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Who Knew Catalysis Could Be So Much Fun?

Story by
Nancy Joseph

A lab notebook. Safety goggles. Teflon tape. A jar of peanut butter.  All of these can be found in graduate student Karena Smoll’s office in the UW Chemistry Building — and in an exhibit at Pacific Science Center (PSC) featuring the work of Smoll and colleague Zuzana Culakova.

UW Chemistry graduate students Karena Smoll and Zuzana Culakova.

UW Chemistry graduate students Karena Smoll (left) and Zuzana Culakova are featured in an exhibit at Seattle's Pacific Science Center.

Smoll and Culakova are part of the Center for Enabling New Technologies through Catalysis (CENTC), a research center that seeks new ways to make useful chemicals from abundant materials. Pacific Science Center’s exhibit highlights CENTC’s research and focuses on Smoll and Culakova, NSF Graduate Research Fellows in the UW Department of Chemistry, to stress the human side of laboratory science. 

CENTC’s work addresses an increasingly pressing problem — our dependence on oil as the raw material for many everyday items, from fuel to clothing to medicine. “When folks think about how oil impacts their lives, they mostly think about transportation fuel, which is indeed where most oil is used,” says Karen Goldberg, director of CENTC and Nicole A. Boand Endowed Professor of Chemistry at the UW. “But all the chemicals that make up most of the things we use every day, including plastics, pharmaceuticals, shampoos, detergents, paints, and more are also currently obtained from the same oil, using chemistry that was developed in the middle of the last century. We’re working on new ways to make these same chemicals, but starting with other sources like carbon dioxide or methane.”

A facsimile of the glove boxes used in chemistry labs.

"It's like wearing mittens," Karena Smoll says of the glove boxes used in chemistry research. The exhibit allows visitors to try out a glove box similar to the ones scientists use.

The chemistry is anything but simple — processes like alkane dehydrogenation and ester hydrogenation are involved — but after touring CENTC’s labs and talking with Smoll and Culakova, PSC’s exhibit staff was able to translate the work for a lay audience. “It was crazy to see how much they were able to simplify our research, turning it into something the public could understand,” says Smoll, who is featured in videos in the exhibit along with fellow grad student Travis Lekich and alumna Sophia Cherry (PhD, Chemistry, 2016).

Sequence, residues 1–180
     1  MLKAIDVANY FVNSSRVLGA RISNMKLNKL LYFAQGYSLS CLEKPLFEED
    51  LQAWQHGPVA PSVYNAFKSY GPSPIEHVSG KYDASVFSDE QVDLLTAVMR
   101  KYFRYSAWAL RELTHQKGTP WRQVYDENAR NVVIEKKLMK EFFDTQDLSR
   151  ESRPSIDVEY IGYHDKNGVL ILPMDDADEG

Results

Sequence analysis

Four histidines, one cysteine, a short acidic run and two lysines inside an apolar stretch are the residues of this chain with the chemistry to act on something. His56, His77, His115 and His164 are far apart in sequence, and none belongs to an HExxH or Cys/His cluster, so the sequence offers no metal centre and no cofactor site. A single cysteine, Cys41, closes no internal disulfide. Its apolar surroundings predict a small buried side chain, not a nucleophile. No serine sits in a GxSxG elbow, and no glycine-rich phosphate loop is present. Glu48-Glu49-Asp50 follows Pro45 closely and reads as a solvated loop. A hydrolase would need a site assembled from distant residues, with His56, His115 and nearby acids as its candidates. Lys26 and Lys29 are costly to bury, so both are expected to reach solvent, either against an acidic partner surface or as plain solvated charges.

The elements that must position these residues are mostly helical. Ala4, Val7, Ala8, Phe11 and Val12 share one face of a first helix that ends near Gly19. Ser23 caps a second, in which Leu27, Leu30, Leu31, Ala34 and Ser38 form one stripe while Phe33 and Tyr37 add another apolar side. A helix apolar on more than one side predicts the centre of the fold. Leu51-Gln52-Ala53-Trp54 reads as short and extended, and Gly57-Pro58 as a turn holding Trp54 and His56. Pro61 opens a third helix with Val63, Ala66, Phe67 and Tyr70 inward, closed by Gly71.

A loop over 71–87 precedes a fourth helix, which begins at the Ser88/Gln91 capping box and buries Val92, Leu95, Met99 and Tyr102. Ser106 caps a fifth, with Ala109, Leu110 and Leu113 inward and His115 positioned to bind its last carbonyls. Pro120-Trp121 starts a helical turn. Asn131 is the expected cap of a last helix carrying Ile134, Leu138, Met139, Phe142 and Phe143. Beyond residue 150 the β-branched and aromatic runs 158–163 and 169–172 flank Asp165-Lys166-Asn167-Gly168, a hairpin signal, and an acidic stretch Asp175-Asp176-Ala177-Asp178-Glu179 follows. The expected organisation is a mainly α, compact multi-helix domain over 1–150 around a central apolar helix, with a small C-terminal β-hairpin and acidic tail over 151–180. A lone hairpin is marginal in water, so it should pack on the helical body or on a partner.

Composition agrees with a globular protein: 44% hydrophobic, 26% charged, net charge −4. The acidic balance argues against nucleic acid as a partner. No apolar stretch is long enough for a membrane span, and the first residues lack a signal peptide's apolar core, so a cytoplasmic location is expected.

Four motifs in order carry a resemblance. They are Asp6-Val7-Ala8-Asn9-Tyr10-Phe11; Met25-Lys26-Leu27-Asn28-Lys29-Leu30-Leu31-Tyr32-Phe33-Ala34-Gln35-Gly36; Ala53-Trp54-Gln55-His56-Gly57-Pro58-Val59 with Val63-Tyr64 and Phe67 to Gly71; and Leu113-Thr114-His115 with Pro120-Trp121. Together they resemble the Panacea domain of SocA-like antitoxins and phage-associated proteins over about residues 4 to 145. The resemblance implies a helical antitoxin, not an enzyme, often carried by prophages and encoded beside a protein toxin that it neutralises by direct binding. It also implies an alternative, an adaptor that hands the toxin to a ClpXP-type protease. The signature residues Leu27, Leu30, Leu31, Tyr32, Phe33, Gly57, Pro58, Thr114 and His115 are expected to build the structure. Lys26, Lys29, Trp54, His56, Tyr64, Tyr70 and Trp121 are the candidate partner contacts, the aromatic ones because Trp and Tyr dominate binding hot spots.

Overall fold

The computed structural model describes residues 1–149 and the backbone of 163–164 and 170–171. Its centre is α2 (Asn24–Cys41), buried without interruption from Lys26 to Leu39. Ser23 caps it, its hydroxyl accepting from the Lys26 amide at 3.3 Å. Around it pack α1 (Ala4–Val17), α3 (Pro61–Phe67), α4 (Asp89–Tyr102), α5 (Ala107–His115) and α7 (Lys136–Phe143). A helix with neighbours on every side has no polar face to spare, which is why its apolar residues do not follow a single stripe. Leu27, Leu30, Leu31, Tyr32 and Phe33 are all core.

PSC created kid-friendly interactive displays, most notably a glove box similar to the ones scientists use to work with chemicals in an oxygen-free and water-free environment.  The apparatus gets its name from the built-in gloves used for handling materials in the box. PSC visitors quickly learn what chemists already know: the gloves are challenging to use.  “It’s like wearing mittens all the time,” says Smoll. “Your dexterity is completely gone.”

Items from the students' lab spaces are included in the exhibit.

Items from the students' lab spaces — from the safety goggles they wear to the peanut butter they eat — are included in the exhibit.

Exhibit visitors can also create — virtually — chemicals used in common materials, thanks to a touch-screen game developed by a team that included former CENTC graduate student David Laviska and former postdoctoral fellow Abby O’Connor.  At the side of the game are outlines of elements, each with a distinct shape. When a corresponding element scrolls past on the screen, the player drags it into the outline. Once all the outlines are filled, the screen reveals the chemical that has been created and how it is used, from clothing to plastic bottles.  

And the lab notebook and peanut butter? Those are in displays showing the contents of the grad students’ work spaces, from their research tools to their afternoon snacks. Culakova was amused to learn that her lab notebook was open to a page with scribbled notes and a hand-drawn diagram. “It’s like someone reading your to-do list,” she says. “My notebook reveals the untidy human side of research, which is the day-to-day reality.”

Culakova and Smoll have participated in previous science outreach at Seattle’s Roosevelt High School and at annual PSC Paws on Science events featuring UW research. They are pleased to share their work — even their notebooks — if that will inspire others to learn more about chemistry.

“This exhibit shows that chemistry can be used to do some pretty cool things and that anyone can do research,” says Culakova. “The most important thing is to be excited and ask question after question. You don’t have to be ‘super smart’ to be a scientist — just super interested.”

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The PSC exhibit, “Chemists: Catalysts for Change,” will be on display at the Pacific Science Center through September 5, 2016.  It is located in PSC’s Portal to Current Research space, which features short-term exhibits about current research being conducted in the Puget Sound area. For more information, contact the Pacific Science Center.